I would like to thank Brian Losisto (Air Canada's photographer) for always allowing me to post his pictures. (The above thrust lever pic is his). Then there is Kelly Paterson from Calgary and plane spotter "Erik" from Germany. Of course, I have lots myself. On that note, if you feel a photo(s) may be in appropriate or the content I post a bit dubious by all means send me an email. I will ratify it! That's all I ask!
P.S I'd like to add Nadia from "la belle province" for her contributions!
Luxor Hotel. There is a "caution" noted on our approach charts. "Aircraft may experience reflection of sun from glass pyramid
located northwest of airport."
While waiting for my coffee at Tim Hortons in YYC (Calgary), I chatted with a passengeron my flight heading to Vegas. For five hundred bucks he gets to stay at the Luxor for four nights which includes return airfare from Calgary. It's cheaper to travel nowadays than it was 20 years ago.
It all started when ATC asked us whether we had the 737 "visual" ahead of us.
American ATC asks this a lot. It's asked in LAX, MCO (Orlando) and SFO and many other airports I fly to. By stating you "have the traffic visual" it reliefs them of separation and they can pack the airplanes in tighter. This is particularly a challenge when flying into LAX at night. There's plenty of airplanes in the sky with a million lights below, but they ask whether you have traffic in sight or at least the airport in sight. At first you say no, or you are not sure of the traffic but they start asking more and more or start giving directions where the airport is. Finally, you take their bait and say, "traffic in sight" or "airport visual."
We were to follow Southwest (I later find out they rule and slow up to get off quickly because their terminal is nearby) on final onto 25 left for a visual. Everything is looking good. ATC told us to maintain 210 knots. He forgot to mention the preceding B737 slowed up significantly. The F/O was flying and he hadn't been to Vegas in years. I see on our TCAS (Traffic Collision Avoidance System) that our comfortable five mile separation has dwindled to four miles and then three.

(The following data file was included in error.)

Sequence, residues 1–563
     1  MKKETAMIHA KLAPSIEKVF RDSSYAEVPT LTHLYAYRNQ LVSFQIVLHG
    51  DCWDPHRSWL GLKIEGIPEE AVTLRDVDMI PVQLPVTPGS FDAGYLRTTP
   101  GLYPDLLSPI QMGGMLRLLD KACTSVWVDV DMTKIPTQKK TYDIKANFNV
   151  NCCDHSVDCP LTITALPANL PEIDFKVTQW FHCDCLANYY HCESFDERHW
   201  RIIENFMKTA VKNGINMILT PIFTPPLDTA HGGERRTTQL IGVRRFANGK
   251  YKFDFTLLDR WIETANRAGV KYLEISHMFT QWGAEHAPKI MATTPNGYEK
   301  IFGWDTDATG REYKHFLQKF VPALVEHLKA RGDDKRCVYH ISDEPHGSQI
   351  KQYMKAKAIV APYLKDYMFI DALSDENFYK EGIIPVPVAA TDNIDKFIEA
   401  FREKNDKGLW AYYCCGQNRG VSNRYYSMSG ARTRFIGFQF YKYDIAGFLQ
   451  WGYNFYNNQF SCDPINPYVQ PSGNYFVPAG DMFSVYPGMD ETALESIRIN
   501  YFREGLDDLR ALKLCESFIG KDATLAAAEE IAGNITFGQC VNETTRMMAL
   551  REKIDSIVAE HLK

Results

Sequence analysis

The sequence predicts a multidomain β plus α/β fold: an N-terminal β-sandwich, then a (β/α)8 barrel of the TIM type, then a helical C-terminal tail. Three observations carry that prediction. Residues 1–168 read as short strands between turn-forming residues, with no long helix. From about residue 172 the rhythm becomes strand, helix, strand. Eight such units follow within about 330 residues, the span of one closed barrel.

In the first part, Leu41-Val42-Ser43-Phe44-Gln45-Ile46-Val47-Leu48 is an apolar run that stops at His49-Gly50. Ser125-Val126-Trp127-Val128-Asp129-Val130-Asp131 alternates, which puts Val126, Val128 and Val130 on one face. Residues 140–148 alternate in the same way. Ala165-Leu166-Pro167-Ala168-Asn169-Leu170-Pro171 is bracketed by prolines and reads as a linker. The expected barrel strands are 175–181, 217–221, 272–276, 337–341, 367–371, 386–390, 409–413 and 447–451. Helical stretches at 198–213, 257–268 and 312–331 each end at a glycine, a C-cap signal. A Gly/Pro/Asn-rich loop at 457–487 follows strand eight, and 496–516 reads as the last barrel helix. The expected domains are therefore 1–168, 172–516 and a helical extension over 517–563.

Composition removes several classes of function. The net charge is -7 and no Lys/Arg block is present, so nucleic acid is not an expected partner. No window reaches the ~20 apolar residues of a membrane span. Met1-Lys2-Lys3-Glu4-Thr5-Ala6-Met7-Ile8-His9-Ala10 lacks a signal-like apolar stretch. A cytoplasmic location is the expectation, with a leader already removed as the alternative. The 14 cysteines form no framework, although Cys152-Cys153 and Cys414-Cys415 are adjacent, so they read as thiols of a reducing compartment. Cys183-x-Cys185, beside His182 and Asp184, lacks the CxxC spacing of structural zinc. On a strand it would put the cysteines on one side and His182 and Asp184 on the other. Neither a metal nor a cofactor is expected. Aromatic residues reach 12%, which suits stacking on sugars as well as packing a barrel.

Meanwhile I'm calling out the separation hinting to the F/O to slow it up. He had it in the back of his mind to keep the speed up as per the last ATC request, but we were cleared to visually follow the 737 i.e. fly it accordingly. Finally, he tries to slow it up but one thing a jet can't do. It can't "go down and slow down." We get the gear down and flaps hanging, but we are so close I can see what type of APU Southwest uses (not really, but you know what I mean). Plus we are getting some "wake" from him.
Finally when checking in with tower they suggest an "S" turn. I can't remember the last time I did an "S" turn. We are cleared to land and I make it known Southwest slowed up way too much.
At Air Canada we have a new call, "stable." Basically we have to be on the glideslope, the aircraft must be configured to land and the approach speed must be within 10 knots, etc. We were stable, but Southwest ahead of us thought they were the only aircraft landing in Vegas that day.
We broke it off to the left to do the "S" turn. People below must have thought Air Canada was giving the passengers a tour. Keep in mind everything was safe but the work load rose exponentially (What happens in Vegas, stays in Vegas).
Southwest clears quickly, and the F/O puts in on nicely!
(Vegas is no different than most busy airports around the world. For example, landing in London, Heathrow tends to be as close. You are literally seconds away from executing a go around).
We are told to clear on taxiway A6 and hold short of 25 right. Tower then says (I thought) "next time slow up," but the F/O corrected me. They said, "nice job slowing up."
The next day we came back to LAS from Vancouver and we were ready. The flight was full and we had an Embraer captain in the jumpseat. (There was an Air Canada pilot golf tournament brewing so seats were at a premium). He says our approach yesterday happened to him as well.
The F/O was flying again and he made certain we were "on the numbers."
After his "greaser," I said aloud, "redemption."
I have to admit, Las Vegas has to be the prettiest approach at night. With so many lights and close proximity to town, one would think they are landing in a theme park.